On Saturday morning, I visited the Suzhou Museum. I have been in the area around the museum, which includes the old canals and the Humble Administrator’s Garden, but never had the time until now to venture inside.
The museum is more a culture and heritage museum than an art museum. Its collection is primarily traditional Chinese items, though it does have a contemporary art wing as well. For me, however, the main attraction was the building itself. It was designed by the architect I. M. Pei, whose family has long resided in Suzhou.
The museum’s architecture incorporates the shapes and elements the adjacent traditional gardens and palaces, including its own gardens, pools and rockeries, but stripping away the ornaments and focusing on the lines and geometry. This extends to the interior as well:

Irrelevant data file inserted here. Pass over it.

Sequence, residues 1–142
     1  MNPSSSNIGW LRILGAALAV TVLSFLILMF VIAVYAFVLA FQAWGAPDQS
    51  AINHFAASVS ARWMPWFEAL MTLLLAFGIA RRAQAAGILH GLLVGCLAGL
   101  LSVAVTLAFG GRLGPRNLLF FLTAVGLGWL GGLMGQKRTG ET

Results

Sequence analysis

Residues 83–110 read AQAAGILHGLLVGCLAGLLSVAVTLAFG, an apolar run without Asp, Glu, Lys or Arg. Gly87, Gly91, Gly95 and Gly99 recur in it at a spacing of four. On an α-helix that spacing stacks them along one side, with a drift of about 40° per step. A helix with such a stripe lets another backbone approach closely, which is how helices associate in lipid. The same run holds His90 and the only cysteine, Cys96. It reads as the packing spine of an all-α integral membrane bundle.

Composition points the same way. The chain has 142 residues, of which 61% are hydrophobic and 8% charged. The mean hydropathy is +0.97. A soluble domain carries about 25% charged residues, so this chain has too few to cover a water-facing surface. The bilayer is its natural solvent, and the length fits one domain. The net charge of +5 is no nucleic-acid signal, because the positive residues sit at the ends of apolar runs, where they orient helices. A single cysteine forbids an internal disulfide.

Overall, the architecture and design of the museum was quite photogenic, and readers should look for more examples in future photo series, and of course “Wordless Wednesday.”
One exhibit recreated a traditional Chinese study, and suggest that traditional elements of Chinese design can fit very easily into a modern context:
I wish my office looked like that.
I did take some time to see a few of the traditional artifacts, including several examples of animal figures such as this black-and-white jade cat:
Before the new museum building opened in 2006, it was housed in the neighboring Zhong Wang Fu, a traditional Chinese mansion with gardens and courtyards. The grounds and buildings have been restored and remain open to the public:
One can observe which elements were incorporated into the new building, and which ones were not.